The Spirit of Brock medal was presented to graduate student Danielle Hourigan, and a Dean’s Medal was presented to Cara Crandlemire.

Thursday, June 9 – Faculty of Applied Health Sciences

At Thursday’s ceremony, more than 450 students received their degrees.

Goodman kicked off the ceremony with a series of questions he referred to as “the core of being.”

He asked the graduates: “What are you? What is your vision? What are you values? What is the purpose of your life?

“These are the questions that are at the centre of all our lives. And when we figure them out, we can get some focus and some content.”

Claude Bouchard receives an honorary degree

Claude Bouchard receives an honorary degree

Kroeker handed out Spirit of Brock Medals to undergraduate student Jonathan Menchella and graduate student Ben Leber.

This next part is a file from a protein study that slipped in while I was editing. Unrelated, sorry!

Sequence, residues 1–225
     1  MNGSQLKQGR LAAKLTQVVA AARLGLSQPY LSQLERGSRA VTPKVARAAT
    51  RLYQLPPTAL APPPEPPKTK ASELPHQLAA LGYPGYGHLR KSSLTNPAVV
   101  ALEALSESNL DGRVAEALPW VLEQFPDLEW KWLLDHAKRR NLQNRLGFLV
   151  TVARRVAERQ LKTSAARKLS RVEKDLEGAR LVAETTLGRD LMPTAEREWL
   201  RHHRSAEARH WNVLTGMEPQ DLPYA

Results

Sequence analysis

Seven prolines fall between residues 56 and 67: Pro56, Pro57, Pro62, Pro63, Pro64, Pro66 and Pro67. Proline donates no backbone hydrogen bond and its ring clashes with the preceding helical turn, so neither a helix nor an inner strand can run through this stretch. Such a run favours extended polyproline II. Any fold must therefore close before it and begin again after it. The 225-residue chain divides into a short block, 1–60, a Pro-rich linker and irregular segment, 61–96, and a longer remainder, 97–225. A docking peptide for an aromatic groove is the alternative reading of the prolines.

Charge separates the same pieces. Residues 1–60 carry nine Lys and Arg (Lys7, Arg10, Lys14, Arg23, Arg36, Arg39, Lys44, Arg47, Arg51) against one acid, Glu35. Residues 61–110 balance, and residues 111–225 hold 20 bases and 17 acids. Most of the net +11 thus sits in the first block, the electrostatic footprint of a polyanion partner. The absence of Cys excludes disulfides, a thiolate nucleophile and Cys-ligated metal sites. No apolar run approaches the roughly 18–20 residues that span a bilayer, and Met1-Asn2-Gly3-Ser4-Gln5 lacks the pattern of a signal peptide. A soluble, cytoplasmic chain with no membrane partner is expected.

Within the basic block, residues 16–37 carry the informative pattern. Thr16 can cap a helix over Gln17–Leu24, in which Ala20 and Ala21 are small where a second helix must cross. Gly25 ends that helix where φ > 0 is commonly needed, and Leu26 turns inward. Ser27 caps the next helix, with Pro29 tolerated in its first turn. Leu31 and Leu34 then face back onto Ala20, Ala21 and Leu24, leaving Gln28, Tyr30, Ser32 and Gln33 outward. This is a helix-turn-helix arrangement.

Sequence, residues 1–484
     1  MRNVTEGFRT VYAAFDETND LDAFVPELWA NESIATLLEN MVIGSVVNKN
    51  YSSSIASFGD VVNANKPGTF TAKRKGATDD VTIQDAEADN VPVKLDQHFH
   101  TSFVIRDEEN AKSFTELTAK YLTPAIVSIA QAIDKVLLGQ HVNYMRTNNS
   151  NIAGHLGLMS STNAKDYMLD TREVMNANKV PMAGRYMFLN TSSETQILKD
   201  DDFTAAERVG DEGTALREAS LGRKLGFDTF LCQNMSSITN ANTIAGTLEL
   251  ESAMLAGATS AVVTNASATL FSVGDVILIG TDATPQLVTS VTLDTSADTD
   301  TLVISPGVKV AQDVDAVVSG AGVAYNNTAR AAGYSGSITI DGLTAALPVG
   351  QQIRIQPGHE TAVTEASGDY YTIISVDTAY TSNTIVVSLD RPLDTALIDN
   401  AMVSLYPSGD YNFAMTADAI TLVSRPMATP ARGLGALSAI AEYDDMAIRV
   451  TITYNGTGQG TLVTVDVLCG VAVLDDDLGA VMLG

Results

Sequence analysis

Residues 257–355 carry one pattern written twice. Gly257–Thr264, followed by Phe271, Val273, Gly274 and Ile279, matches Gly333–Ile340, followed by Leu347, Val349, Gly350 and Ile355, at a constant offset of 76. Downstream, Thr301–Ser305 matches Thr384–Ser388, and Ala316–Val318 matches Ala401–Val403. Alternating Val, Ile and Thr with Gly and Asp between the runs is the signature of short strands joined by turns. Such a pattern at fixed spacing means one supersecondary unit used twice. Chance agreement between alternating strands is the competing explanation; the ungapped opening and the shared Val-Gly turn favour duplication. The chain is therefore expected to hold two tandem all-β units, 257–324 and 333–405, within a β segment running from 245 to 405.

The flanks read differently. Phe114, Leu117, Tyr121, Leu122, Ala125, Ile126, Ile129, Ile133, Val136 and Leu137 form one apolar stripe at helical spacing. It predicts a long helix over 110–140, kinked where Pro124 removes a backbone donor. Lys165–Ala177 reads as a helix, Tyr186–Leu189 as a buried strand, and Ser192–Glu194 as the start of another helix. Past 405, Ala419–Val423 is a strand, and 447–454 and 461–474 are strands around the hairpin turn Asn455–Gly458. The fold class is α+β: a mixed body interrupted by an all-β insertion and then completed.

An honorary degree was presented to Claude Bouchard, professor and John W. Barton Senior Endowed Chair in Genetics and Nutrition in the Human Genomics Laboratory at the Pennington Biomedical Research Center in Baton Rouge, La. He also delivered the morning’s Convocation address.

“No one can deny that you are talented and capable of facing challenges successfully,” said Bouchard. “You have demonstrated clearly that you can set goals for yourself and devote time and energy everyday to ensure that these goals are met.”

He encouraged graduates “to be and remain a caring altruistic and kind citizen.”

Professor Tim O’Connell from Recreation and Leisure Studies was presented with the Faculty Award for Excellence in Teaching.

Applied Health Sciences Dean’s Medals were presented to Paul Gerard Corkery and Catherine Johnson.

Friday, June 10 – Faculty of Social Sciences

At Friday’s two Convocation ceremonies, more than 850 students were presented with their degrees.

Howes presented Spirit of Brock medals to undergraduate student Marie Claire Bouchal and graduate student Hilda Osae Affum.